Secure Coding Practice Guidelines

UC Berkeley security policy mandates compliance with Minimum Security Standard for Electronic Information for devices handling covered data.  The recommendations below are provided as optional guidance for application software security requirements.


Resource Proprietors and Resource Custodians must ensure that secure coding practices, including security training and reviews, are incorporated into each phase of the software development life cycle.

Description of Risk

Unsafe coding practices result in costly vulnerabilities in application software that leads to the theft of sensitive data.


For applications to be designed and implemented with proper security requirements, secure coding practices and a focus on security risks must be integrated into day-to-day operations and the development processes.  Application developers must complete secure coding requirements regardless of the device used for programming.  

Application Security Training

A critical first step to develop a secure application is an effective training plan that allows developers to learn important secure coding principles and how they can be applied. Compliance with this control is assessed through Application Security Testing Program (required by MSSEI 6.2), which includes testing for secure coding principles described in OWASP Secure Coding Guidelines:

  1. Input Validation
  2. Output Encoding
  3. Authentication and Password Management (includes secure handling of credentials by external services/scripts)
  4. Session Management
  5. Access Control
  6. Cryptographic Practices
  7. Error Handling and Logging
  8. Data Protection
  9. Communication Security
  10. System Configuration
  11. Database Security
  12. File Management
  13. Memory Management
  14. General Coding Practices

While OWASP (Open Web Application Security Project) specifically references web applications, the secure coding principles outlined above should be applied to non-web applications as well.  Please refer to OWASP Secure Coding Guidelines to see a more detailed description of each secure coding principle. OWASP also runs a Faux Bank demo site that shows the top 10 vulnerabilities along with blog posts explaining the intricacies of each vulnerability.  

Listed below are examples of training courses that can be used to gain proficiency in secure coding principles:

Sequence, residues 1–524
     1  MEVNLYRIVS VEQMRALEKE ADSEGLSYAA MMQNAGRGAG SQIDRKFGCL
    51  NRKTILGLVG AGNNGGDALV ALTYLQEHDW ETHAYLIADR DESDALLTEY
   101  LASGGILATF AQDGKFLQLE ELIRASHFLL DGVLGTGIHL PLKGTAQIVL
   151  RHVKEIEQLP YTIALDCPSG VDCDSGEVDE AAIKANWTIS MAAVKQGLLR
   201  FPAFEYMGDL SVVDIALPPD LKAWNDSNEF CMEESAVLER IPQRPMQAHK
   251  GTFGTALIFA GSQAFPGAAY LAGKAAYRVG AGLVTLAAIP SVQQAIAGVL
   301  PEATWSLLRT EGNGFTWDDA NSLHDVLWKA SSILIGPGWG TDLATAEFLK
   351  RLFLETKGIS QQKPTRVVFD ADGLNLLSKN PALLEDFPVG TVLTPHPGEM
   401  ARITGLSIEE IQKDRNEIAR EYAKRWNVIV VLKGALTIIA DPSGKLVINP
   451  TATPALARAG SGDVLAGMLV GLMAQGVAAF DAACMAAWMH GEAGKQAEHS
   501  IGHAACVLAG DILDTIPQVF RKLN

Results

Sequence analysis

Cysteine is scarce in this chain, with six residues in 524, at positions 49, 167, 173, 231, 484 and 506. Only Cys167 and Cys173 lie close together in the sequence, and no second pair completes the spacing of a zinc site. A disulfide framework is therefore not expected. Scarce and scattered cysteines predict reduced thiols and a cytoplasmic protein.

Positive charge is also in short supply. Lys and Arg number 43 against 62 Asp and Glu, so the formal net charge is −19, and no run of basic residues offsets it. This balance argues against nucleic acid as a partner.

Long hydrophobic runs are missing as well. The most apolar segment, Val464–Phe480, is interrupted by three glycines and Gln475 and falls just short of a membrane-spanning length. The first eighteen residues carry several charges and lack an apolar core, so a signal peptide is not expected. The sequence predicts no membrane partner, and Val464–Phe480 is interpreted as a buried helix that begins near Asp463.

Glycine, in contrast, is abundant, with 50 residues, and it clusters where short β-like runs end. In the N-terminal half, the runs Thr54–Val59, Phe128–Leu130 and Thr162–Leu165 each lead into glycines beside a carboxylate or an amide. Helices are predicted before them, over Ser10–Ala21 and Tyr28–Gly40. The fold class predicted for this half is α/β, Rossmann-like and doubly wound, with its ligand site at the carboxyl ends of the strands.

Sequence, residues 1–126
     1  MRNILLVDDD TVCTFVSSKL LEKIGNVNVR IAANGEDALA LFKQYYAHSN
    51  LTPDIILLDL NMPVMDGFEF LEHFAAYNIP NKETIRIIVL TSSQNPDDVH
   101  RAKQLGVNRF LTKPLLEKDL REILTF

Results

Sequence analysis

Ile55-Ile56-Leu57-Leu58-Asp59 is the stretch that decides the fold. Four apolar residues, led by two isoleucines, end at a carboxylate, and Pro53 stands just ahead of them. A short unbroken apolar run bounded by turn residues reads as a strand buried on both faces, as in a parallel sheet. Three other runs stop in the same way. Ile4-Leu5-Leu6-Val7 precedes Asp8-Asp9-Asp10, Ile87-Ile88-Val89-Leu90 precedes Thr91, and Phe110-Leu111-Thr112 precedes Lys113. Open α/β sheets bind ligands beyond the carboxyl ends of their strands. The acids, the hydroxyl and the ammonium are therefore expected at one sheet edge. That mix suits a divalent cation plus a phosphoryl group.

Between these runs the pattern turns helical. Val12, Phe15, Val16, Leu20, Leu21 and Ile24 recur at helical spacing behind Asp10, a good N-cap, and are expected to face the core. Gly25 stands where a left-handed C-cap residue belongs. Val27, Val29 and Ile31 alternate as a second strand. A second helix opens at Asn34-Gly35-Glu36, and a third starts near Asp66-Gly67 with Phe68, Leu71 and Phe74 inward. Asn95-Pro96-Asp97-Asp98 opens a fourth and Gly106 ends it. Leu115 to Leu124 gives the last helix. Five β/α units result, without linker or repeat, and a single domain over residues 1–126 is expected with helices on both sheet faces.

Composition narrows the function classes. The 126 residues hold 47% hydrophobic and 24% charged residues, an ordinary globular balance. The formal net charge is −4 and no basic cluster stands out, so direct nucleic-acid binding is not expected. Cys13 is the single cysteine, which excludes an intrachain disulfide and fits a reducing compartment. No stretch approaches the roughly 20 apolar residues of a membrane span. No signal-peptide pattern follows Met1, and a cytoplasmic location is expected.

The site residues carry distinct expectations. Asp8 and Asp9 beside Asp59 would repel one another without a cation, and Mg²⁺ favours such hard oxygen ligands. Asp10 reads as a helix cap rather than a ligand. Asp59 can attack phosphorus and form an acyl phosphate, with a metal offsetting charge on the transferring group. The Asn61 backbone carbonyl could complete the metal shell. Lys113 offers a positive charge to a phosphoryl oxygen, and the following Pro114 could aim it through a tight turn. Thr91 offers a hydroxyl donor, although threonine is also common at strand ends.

Alternately, relevant books and reading material can also be used to develop proficiency in secure coding principles, provided that sufficient time is allocated to staff for self-study.  

Secure Coding Practices

Secure coding practices must be incorporated into all life cycle stages of an application development process. The following minimum set of secure coding practices should be implemented when developing and deploying covered applications:

  1. Formalize and document the software development life cycle (SDLC) processes to incorporate a major component of a development process:

While there is no campus standard or prescriptive model for SDLC methodologies, the resource proprietor and resource custodian should ensure the above major components of a development process are defined in respect to the adopted development methodology, which could be traditional waterfall model, agile or other models.    

  1. Integrate secure coding principles into SDLC components by providing a general description of how the secure coding principles are addressed in Architecture and Design documents.  If a secure coding principle is not applicable to the project, this should be explicitly documented along with a brief explanation.
  2. Perform automated application security testing as part of the overall application testing process. See Relevant Campus Services for details of automated application security testing service offered by ISO.
  3. Development and testing environments should redact all sensitive data or use de-identified data.

Relevant Campus Services

ISO Application Vulnerability Assessment

The Information Security Office (ISO) will help you evaluate your web-based application’s security posture by scanning it with an automated application vulnerability scanner and review the scanner findings with a designated representative from your unit. For details of the service, please visit the service overview page.

Code Review

(The following links are provided for information and planning purposes.  The requirement to conduct code reviews will become effective July 1, 2014, and will not be included in MSSEI assessments prior to that time.)

OWASP Code Review Guide

Additional Resources